Journal of Food Security
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Journal of Food Security. 2016, 4(3), 58-67
DOI: 10.12691/jfs-4-3-2
Open AccessArticle

Econometric Analysis of Rural Households’ Resilience to Food Insecurity in West Shoa, Ethiopia

Temesgen Kebede1, , Jema Haji1, Belaineh Legesse1 and Girma Mammo2

1School of Agricultural Economics, Haramaya University, Dire Dawa, Ethiopia

2Ethiopian Institutes of Agricultural Research, Melkassa, Ethiopia

Pub. Date: July 15, 2016

Cite this paper:
Temesgen Kebede, Jema Haji, Belaineh Legesse and Girma Mammo. Econometric Analysis of Rural Households’ Resilience to Food Insecurity in West Shoa, Ethiopia. Journal of Food Security. 2016; 4(3):58-67. doi: 10.12691/jfs-4-3-2


The major objective of this study is to analyze rural households’ capability to absorb the negative consequences of unexpected shocks using seven resilience blocs based on the framework of resilience analysis. Resilience index was defined as a function of agricultural inputs and technology, social safety nets, access to public services, access to food and income, access to assets, stability and adaptive capacity. The estimation of each bloc was made separately using different multivariate techniques, where the result becomes covariates in the measurement of resilience index. The estimation of resilience index was done using factor analysis and three factors were retained. Under the first factor, all blocs, except access to public services, are positively correlated with resilience. The negative correlation between access to public services and resilience is because observed variables like health services and education qualities decreases as households become poorer. In terms of importance to rural household’s resilience index, the result indicates that asset ownership play significant role followed by access to food and income, as well as social safety nets. These resilience blocs show the likelihood of recovering from any form of climatic shocks that a household experiences. In the second factor, access to public services becomes positive, which shows that it is a positive characteristic of resilience. Adaptive capacity is positive in the first factor and negative in the second factor. The third factor triggers hidden information of the resilience bloc as stability and adaptive capacity are positive, which likely tells common story in terms of food security situations. In conclusion, poor households have limited or no access to physical and financial assets, little education, and often suffer from human illness and livestock diseases/death. Poor households lack access to sufficient, high-quality land and other natural resources or to remunerative resources of income and agricultural production boosting activities. Therefore, it is recommended that households should have supplements with preconditions and options available to them in terms of capabilities and activities such as agricultural production boosting and income-generating activities, access to assets, improving the quality of public services, social safety nets and adaptive capacity.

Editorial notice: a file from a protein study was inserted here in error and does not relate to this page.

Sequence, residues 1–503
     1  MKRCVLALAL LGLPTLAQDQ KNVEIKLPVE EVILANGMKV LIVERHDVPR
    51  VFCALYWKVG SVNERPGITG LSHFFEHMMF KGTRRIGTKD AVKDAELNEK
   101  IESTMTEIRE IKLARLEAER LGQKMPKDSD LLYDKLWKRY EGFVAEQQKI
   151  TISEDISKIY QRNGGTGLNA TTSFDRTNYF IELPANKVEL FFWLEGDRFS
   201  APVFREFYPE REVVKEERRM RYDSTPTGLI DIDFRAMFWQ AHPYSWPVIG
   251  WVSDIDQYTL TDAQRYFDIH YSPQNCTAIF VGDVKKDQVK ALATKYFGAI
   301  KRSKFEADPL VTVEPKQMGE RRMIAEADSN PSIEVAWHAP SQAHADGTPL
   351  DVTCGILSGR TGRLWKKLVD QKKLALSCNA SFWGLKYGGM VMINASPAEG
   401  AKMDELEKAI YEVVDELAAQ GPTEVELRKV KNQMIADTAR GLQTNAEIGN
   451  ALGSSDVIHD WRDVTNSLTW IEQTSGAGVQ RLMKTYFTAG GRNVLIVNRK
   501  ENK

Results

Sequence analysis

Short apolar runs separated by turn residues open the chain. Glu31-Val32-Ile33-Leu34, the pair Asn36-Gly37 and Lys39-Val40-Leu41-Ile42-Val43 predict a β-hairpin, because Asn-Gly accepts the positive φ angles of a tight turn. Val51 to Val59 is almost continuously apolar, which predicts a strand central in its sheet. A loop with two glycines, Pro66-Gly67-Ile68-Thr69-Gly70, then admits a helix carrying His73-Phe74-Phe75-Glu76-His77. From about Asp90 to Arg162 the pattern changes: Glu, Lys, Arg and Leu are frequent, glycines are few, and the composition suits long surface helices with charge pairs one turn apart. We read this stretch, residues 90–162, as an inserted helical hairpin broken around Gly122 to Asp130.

resilience food insecurity smallholders West Shoa Ethiopia

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